equivalently good and to have it sort of [TS]

  not not only like not be embraced at [TS]

  that same level obviously but but not [TS]

  discussed in that way even not the [TS]

  language used to describe our record was [TS]

  not the same and and and that was the [TS]

  that was the big my big my initial big [TS]

  resentment toward the decemberists was [TS]

  that so there-there record came out and [TS]

  people are like it is the literary it is [TS]

  this is the music that smart people will [TS]

  listen to have you heard these lyrics [TS]

  have you have you sat down with your [TS]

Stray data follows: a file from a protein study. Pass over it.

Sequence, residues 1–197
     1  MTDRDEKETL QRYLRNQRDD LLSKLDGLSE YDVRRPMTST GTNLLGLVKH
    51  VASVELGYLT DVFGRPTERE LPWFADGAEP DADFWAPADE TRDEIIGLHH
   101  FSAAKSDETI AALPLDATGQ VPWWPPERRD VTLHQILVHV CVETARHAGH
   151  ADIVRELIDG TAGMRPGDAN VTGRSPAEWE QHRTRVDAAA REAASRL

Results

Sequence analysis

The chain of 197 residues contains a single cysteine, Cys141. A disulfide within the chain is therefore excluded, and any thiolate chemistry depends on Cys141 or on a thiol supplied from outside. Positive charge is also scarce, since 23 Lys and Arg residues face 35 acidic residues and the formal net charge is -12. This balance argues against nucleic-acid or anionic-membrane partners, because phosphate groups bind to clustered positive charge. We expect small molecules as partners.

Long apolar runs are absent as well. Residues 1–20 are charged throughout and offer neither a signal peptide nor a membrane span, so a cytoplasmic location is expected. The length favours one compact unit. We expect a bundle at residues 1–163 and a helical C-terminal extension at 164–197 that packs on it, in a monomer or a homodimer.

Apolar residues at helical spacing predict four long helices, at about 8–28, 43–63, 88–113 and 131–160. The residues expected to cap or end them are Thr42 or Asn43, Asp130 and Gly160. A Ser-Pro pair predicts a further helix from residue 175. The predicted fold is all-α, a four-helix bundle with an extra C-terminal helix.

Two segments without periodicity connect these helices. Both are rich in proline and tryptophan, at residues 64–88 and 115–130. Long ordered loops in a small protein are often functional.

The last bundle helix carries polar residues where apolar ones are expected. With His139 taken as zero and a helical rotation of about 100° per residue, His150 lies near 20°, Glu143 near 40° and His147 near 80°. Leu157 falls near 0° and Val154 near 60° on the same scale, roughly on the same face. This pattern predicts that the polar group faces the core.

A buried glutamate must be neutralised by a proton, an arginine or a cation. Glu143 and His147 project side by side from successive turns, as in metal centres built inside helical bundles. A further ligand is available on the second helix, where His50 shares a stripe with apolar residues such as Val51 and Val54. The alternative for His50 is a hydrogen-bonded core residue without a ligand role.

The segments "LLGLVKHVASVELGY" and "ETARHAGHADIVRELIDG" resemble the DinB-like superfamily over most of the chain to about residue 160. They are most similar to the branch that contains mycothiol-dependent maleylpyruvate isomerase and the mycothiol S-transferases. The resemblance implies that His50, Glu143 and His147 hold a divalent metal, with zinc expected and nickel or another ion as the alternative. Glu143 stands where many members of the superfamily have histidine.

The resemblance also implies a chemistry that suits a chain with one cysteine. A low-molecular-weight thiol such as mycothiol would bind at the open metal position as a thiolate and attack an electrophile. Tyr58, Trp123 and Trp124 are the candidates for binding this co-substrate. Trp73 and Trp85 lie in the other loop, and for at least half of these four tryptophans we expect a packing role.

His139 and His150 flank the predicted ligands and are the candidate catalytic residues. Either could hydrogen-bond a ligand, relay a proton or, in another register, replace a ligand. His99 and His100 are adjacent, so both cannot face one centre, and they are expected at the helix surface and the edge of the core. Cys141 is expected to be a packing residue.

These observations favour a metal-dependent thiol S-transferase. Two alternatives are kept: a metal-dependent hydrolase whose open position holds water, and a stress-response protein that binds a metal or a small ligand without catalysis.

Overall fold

pince-nez on and read these lyrics [TS]

  because this is where this is the future [TS]

  of smart people music and i was like i [TS]

  also have [TS]

  lyrics that that i would but i would [TS]

  love it if you would read them a couple [TS]

  of times everyone hello and you know in [TS]

  our our reviews were like you know indie [TS]

  rock stuff here here's a band making [TS]

  some indie rock music and and you know [TS]

  that there it is right and that's what [TS]

  we were doing but but I could never [TS]

  quite figure out how to get yourself in [TS]

  the lens of that of that culture sniper [TS]

  and and and and honestly everybody that [TS]

  makes stuff kind of wants to be there [TS]

  and then as soon as they are they don't [TS]

  want to be there and they disavow ever [TS]

  having wanted to be there because it [TS]

  happens but before you have time to [TS]

  really realize it's happening [TS]

  sometimes well that I may have told you [TS]

  about this before but in night early [TS]

  nineteen ninety-one i was sitting in a [TS]